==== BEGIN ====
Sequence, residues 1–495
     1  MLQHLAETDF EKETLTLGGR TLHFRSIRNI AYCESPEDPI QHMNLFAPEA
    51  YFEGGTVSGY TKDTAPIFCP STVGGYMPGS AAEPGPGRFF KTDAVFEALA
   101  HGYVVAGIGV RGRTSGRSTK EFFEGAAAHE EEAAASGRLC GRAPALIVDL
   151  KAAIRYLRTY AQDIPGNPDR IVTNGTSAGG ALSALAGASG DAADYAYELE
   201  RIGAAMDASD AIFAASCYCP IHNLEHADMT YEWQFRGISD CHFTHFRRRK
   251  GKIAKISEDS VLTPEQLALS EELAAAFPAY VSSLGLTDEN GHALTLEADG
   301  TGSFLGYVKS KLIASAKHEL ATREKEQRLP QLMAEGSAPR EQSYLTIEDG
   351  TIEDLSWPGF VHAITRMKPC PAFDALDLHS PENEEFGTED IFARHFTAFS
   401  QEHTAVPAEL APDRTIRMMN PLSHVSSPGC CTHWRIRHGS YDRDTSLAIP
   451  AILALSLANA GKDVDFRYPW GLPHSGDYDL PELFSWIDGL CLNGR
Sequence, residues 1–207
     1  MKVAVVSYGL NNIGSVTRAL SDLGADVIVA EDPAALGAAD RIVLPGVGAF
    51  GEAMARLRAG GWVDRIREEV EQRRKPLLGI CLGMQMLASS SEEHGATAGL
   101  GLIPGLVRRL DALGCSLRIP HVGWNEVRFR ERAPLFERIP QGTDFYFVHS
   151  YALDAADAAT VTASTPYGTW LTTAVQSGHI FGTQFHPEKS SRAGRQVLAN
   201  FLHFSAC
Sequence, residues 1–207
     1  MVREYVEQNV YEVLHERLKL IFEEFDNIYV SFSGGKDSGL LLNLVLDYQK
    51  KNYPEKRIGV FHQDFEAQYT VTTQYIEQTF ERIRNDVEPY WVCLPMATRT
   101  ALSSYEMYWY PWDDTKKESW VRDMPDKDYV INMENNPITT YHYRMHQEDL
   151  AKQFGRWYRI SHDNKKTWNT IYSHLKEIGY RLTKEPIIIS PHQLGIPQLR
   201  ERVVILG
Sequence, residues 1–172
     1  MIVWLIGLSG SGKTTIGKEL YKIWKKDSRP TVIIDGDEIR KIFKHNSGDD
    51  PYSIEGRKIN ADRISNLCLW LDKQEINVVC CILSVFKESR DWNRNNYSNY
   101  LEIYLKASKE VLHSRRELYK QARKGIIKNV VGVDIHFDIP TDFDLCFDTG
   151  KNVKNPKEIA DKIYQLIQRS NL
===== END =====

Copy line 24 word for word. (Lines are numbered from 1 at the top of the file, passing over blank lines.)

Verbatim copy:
Sequence, residues 1–172